Manhattan Plastic Surgeon
4.5 out of 5 stars 18 reviews

Two-team rhinoplasty is a BAD idea.

+1

I suspect the nose will remain crooked until it is revised. I can imagine the following scenario: pre-operatively the interlocked tensions on the deviated septum and upper lateral cartilages were keeping it from deviating the cartilaginous bridge of the nose, but once the plastic surgeon detached the upper lateral cartilages from the dorsal septum, those tensions were released (despite correction of the lower parts of the septum). At that point, the typical maneuver would be to address this "new" deviation of the septum and correct it, but by that time it sounds like the ENT surgeon was done and gone and the plastic surgeon (who, by requiring the ENT, was obviously unfamiliar with septal surgery) was unable to address this situation.

Now, it's also quite possible that this asymmetry is simply a complication of rhinoplasty that could happen in any surgeon's hands. It does happen even without any septal issues. However, it's my opinion that anyone performing rhinoplasty should also be facile with septal surgery since the two are often interlinked problems.

In a particularly severe case, it still might be preferable to wait 6 months before a revision, though. Consider carefully, though, who will do the revision.

Good luck,

--DCP

David C. Pearson, MD
Jacksonville Facial Plastic Surgeon
5.0 out of 5 stars 17 reviews

Crooked Nose 3 Weeks after Rhinoplasty

+1

Your nose does appear to be crooked, but normal swelling this soon after surgery make it difficult to evaluate. If a revision is necessary, I would wait at least another 6-9 months.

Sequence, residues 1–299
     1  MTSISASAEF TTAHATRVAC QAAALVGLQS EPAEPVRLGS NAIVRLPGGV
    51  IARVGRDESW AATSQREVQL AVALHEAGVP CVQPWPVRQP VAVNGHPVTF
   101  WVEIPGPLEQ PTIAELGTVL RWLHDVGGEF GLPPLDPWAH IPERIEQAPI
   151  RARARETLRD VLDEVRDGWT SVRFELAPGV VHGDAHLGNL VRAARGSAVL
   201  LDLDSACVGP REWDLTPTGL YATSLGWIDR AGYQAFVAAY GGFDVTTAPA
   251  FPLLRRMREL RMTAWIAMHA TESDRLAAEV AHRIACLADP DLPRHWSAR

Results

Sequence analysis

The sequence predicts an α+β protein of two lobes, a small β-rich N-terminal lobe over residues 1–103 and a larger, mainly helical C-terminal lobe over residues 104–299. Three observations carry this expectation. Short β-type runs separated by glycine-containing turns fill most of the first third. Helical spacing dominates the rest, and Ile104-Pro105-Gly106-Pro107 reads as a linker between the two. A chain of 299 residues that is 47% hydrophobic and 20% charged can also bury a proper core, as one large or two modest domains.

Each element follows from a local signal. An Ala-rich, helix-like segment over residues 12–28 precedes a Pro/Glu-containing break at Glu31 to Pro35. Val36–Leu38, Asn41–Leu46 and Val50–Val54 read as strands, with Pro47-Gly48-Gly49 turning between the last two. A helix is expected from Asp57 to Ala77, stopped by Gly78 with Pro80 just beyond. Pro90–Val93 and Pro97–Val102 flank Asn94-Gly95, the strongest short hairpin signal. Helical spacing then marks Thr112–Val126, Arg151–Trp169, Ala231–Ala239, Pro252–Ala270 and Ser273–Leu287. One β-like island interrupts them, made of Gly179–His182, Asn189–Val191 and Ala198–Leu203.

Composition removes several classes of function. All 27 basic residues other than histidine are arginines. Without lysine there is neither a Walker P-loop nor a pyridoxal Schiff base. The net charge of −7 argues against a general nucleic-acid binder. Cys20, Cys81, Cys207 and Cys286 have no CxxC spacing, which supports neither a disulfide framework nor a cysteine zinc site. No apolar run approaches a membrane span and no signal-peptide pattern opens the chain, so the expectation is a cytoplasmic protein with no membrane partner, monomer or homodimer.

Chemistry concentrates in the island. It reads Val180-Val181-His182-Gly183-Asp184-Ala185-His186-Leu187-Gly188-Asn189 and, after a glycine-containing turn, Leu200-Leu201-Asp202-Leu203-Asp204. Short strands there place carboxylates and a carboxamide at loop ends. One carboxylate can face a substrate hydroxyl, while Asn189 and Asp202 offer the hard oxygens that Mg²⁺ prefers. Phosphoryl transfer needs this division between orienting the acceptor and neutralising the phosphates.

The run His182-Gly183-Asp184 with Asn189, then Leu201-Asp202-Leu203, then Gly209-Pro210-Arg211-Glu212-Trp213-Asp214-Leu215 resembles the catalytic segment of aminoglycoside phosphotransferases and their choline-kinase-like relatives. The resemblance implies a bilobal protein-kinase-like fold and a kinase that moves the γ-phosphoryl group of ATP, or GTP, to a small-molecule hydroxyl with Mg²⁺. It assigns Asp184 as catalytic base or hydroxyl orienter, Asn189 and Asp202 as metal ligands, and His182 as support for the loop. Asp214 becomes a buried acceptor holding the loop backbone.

Richard W. Fleming, MD
Beverly Hills Facial Plastic Surgeon
5.0 out of 5 stars 16 reviews

Crooked Nose after Rhinoplasty Surgery

+1

Hi Judia in Lisbon, Portugal,

The nose is typically still very swollen after rhinoplasty. Nasal swelling may also contribute to asymmetric appearance or "firm" skin texture. It's possibly still too early to determine final results. Traditionally, plastic surgeons recommend waiting 6 to 12 months before considering revision surgery.

However, speak with your surgeons now, as parts of the nose may shift in the early postop period. Only after a comprehensive evaluation can your surgeons help determine appropriate options for you. Best of luck.

Dr. Chaboki

Houtan Chaboki, MD
Washington DC Facial Plastic Surgeon
5.0 out of 5 stars 52 reviews

Crooked Nose After Rhinoplasty

+1

Your nose seems to have a deviation.  Traditionally, plastic surgeons have recommended waiting 6 to 12 months for revision.  However, it cases like yours with a clear deformity, I would recommending returning to the operating room right away.

Daniel Reichner, MD
Newport Beach Plastic Surgeon
4.5 out of 5 stars 9 reviews

These answers are for educational purposes and should not be relied upon as a substitute for medical advice you may receive from your physician. If you have a medical emergency, please call 911. These answers do not constitute or initiate a patient/doctor relationship.